RE: Measuring the impact of Redo Log change

From: Mark W. Farnham <>
Date: Tue, 9 Sep 2008 03:53:06 -0400
Message-ID: <>

When you want to measure the affects of a change, it really helps to decide what metrics to track and to get a "before the change" set of values before you make the change. Now it might turn out you have coincidentally accumulated some metrics that will be useful.  

If you have some recurring batch jobs with start and end times and volume of transactions recorded, that could be useful if those jobs were running against reasonably similar competitive loads previously. You can get an idea of the "before" throughput variability by charting #transactions/unit time. If the variability of "before" transactions is high, find some other metric, unless the variability is driven by outliers related to a known cause. (For example some job might run much slower against a full backup every Saturday night, but runs within a small throughput range all other days.)  

If you have a particular job or application that was previously experiencing delays due to writing redo logs, is it faster now?  

If you were not previously experiencing delays due to writing and archiving redologs, then you should not expect large differences in behavior under the same load. That comes under the heading of having fixed a problem you didn't have. Now that might not be all bad, because you probably did increase your peak throughput capacity by reducing the service time of flushing the log buffer and archiving. If you were previously experiencing delays due to writing and archiving redologs then performance should improve. Reductions in waits plus improvements in service times are part of the picture (and essentially the whole picture if you're trying to solve a particular problem), but if your redologs are intermingled with other actual i/o on your disk farm and you were pushing your throughput capacity, you may discover that things are now faster across the board. Measuring it after the fact without a before set of values is not going to be easy.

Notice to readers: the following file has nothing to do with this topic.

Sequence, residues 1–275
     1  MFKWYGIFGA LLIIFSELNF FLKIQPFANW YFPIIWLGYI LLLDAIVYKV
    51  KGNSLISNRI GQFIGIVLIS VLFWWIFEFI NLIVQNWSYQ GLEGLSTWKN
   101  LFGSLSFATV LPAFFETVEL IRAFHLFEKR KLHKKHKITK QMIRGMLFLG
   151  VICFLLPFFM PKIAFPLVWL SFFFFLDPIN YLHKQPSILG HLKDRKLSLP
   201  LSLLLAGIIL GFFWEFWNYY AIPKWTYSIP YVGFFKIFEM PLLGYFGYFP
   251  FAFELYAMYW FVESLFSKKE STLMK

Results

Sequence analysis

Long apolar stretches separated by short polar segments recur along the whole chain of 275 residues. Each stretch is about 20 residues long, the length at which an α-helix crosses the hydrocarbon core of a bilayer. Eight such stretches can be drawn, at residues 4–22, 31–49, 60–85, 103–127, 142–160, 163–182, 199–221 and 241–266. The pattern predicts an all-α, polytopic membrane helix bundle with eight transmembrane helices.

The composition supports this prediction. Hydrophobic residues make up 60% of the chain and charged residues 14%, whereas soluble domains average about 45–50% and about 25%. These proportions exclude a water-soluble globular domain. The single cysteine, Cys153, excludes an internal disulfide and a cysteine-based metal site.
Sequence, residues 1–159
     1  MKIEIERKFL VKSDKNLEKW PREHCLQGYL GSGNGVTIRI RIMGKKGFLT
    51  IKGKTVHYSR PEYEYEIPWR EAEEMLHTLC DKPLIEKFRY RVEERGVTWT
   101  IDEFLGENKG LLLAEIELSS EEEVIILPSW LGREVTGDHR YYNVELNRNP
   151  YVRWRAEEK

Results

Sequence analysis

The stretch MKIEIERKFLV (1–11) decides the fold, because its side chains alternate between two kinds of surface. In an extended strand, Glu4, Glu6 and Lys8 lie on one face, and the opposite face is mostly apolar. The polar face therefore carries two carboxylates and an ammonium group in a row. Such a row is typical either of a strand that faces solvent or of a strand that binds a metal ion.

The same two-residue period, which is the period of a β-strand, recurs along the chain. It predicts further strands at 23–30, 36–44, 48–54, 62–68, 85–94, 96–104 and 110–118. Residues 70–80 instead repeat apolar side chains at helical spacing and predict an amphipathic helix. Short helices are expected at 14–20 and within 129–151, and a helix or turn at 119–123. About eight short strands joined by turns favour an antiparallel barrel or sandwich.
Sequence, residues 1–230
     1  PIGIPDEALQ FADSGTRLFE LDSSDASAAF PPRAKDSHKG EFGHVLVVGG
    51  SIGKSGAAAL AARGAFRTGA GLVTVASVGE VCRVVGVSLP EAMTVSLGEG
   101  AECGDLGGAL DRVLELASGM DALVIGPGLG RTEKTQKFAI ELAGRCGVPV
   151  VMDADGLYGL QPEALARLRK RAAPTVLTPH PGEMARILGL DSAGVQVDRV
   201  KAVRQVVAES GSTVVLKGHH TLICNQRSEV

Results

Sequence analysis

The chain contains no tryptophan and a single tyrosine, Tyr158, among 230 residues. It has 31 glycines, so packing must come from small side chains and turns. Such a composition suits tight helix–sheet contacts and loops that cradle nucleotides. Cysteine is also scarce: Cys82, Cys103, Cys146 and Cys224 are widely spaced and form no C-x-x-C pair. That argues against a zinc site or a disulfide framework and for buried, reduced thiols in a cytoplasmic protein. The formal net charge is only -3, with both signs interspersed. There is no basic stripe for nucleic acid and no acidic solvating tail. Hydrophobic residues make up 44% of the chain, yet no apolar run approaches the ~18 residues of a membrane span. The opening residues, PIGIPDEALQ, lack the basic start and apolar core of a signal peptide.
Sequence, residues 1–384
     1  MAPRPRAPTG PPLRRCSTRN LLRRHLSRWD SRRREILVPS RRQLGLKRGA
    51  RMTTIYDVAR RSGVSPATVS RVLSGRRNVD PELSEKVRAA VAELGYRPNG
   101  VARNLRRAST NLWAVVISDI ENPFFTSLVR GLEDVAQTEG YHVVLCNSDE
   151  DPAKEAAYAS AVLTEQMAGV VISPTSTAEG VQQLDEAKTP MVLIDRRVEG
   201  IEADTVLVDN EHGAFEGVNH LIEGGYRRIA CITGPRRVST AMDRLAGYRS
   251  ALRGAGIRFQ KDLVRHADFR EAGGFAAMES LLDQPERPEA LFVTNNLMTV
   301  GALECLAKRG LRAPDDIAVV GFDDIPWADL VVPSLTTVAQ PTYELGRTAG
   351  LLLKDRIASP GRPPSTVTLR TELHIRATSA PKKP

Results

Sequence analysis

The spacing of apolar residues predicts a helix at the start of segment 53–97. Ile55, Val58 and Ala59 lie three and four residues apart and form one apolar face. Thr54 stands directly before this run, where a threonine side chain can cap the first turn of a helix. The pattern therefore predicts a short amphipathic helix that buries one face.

Likewise, if this change was a forward looking attempt to increase maximum throughput, you might not notice any change right now. Upgrading from standard (US) 80 inch high doors to 88 inch doors is not something I notice much. But if you expect Kareem Abdul Jabbar to become a frequent visitor they would be nice. (Hmm, maybe I should have updated that to Shaq for you youngsters.)  



From: [] On Behalf Of Deepak Sharma
Sent: Tuesday, September 09, 2008 12:33 AM To:
Subject: Measuring the impact of Redo Log change  

We recently (today) moved the redo logs from RAID5 to RAID1+0.

The obvious reason of doing this is to make things better in terms of performance, as RAID1+0 is better suited for read/writes. Someone pls correct me if that's not true.

What are different ways to measure the impact of this change?

The platform is AIX, DB is and DB size is 55TB, and 2TB redo is generated each day. There are plans underway to reduce the redo generation using direct path etc. (so let's not get diverted by that).

We can try measuring the wait event stats using AWR, session stats etc., but what exactly to look for? 'log file switch completion', 'log file sync', are some things that come to mind - what else?


Received on Tue Sep 09 2008 - 02:53:06 CDT

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